by Carol Oseran Starin
In the Talmud we learn that Torah is acquired by 48 means or qualities (Pirke Avot 6.6).
These qualities include: study, attentive listening, reasoning of the heart, awe, fear, humility, painstaking examination of a subject.
I’ve always loved this passage because it looks like a prescription for good teaching. How wise were the sages of the Talmud! One of those 48 ways to acquire torah is through simhah—joy. That’s the subject with which we’ll begin our “5 Things” columns for this new year of 5764.
How can we create a joyful Jewish learning experience in our classrooms? What’s involved? Here’s a list of ways:
We are proud of this one. Two college kids called the office today and asked to be reminded of the theme song to Torah-Toons. They were remembering their Hebrew school days and were trying to sing the Torah-Toons theme. How many Hebrew school books are remembered all the way into college? We are proud to be a source for Jewish memories. The best part of the story is that these students were interested in purchasing a copy of the Torah-Toons videos for their own use. Not Bad!
To find out about the Torah-Toons book, check out:
by Laurie Bellet
Every lesson, throughout 4 years of high school French, Madame Jarman began by requiring us to recite the daily calendar information in French. Today, more than 30 years later, I am still able to complete the recitation entirely. Teaching the daily calendar provides learning experiences in language, time, season. General education teachers, especially at the elementary levels, take this daily recitation as a necessary component of their classroom day. Yet, relatively few Jewish educators offer students the opportunity to recite the calendar, in Hebrew.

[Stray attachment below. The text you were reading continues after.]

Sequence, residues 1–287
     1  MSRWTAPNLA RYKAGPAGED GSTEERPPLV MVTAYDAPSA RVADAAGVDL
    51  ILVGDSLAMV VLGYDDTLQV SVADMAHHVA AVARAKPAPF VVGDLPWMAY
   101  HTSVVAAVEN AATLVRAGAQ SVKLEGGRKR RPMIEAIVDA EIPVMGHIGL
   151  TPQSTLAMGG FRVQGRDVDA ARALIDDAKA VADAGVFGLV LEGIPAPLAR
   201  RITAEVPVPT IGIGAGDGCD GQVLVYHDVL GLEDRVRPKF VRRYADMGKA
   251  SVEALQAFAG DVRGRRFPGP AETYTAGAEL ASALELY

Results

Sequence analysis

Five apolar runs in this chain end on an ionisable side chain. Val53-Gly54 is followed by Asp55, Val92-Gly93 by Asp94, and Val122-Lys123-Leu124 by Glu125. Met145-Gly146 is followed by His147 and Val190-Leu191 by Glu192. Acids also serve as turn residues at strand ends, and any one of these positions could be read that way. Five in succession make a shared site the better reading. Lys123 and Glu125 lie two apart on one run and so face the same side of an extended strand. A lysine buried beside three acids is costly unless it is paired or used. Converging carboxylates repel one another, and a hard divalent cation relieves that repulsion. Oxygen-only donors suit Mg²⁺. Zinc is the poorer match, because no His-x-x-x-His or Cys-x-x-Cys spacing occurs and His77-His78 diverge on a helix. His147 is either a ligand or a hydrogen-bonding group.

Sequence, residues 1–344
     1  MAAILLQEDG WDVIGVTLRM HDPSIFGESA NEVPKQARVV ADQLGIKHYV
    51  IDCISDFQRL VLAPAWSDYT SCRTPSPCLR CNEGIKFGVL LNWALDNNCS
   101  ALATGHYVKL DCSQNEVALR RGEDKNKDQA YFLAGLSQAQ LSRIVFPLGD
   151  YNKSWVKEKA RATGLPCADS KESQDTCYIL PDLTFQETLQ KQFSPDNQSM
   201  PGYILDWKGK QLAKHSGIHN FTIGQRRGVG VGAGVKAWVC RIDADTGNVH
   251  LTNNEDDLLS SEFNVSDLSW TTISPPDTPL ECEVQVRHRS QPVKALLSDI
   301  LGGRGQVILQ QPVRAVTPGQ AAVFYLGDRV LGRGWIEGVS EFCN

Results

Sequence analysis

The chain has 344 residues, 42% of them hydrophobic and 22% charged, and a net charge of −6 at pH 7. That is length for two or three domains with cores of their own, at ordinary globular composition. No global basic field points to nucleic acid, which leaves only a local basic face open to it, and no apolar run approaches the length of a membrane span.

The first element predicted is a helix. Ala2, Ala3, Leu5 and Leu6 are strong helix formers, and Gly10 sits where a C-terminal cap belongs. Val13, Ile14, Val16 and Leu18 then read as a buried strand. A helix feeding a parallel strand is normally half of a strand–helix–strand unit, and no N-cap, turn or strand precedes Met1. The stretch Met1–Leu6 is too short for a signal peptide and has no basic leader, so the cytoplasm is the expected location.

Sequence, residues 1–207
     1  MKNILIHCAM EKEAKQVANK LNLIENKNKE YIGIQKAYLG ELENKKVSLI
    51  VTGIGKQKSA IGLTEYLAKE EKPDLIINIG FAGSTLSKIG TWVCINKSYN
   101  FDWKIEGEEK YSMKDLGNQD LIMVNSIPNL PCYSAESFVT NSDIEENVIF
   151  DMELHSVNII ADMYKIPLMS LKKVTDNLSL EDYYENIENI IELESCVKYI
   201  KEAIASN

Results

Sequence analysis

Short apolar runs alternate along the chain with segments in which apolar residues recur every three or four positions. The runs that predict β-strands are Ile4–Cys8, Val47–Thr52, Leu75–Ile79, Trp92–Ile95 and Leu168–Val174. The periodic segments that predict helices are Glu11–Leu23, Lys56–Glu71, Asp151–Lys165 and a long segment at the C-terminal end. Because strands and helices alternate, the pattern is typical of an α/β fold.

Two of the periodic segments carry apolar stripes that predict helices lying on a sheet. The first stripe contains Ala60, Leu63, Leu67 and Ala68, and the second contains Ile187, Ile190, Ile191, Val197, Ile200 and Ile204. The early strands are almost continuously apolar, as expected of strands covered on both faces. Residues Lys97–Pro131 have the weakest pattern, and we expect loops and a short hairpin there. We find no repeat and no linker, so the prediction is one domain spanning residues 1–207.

At its most simple, for our youngest students, reciting the calendar can be as simple as recognizing the Hebrew month and orientating time to Shabbat and any proximal holidays. On the recording ‘Schlock Rock for Kids,’ the band sings the months to the tune of ‘My Darling Clementine.’ Once learned, this is not a song anyone soon, if ever, forgets. When students begin attending mid-week Religious School sessions, they can expand to include the day of the week, the date, the season and the weather. Older students can incorporate the language of ‘yesterday was,’ and ‘tomorrow will be,’ the parashat ha-shavu’ah and the relationship to the moon’s phases.
If you are uncertain how to begin, head over to www.Judaicrafts.com. They offer ($19.99) a full calendar package: calendar grid, month headings, daily cover-ups, holiday cover-ups. You can also purchase each component separately. I have long been disappointed that otherwise Jewish calendars have oriented from left to right. This year though, many Jewish retailers are offering the ‘new’ Calendar of the Jewish People. With dramatic art by Mordechai Rosenstein this calendar ($14.00 approx.) reads from right to left. Either of these options will greatly enhance both your program and your classroom décor.
But, if you prefer, you can Do It Yourself…: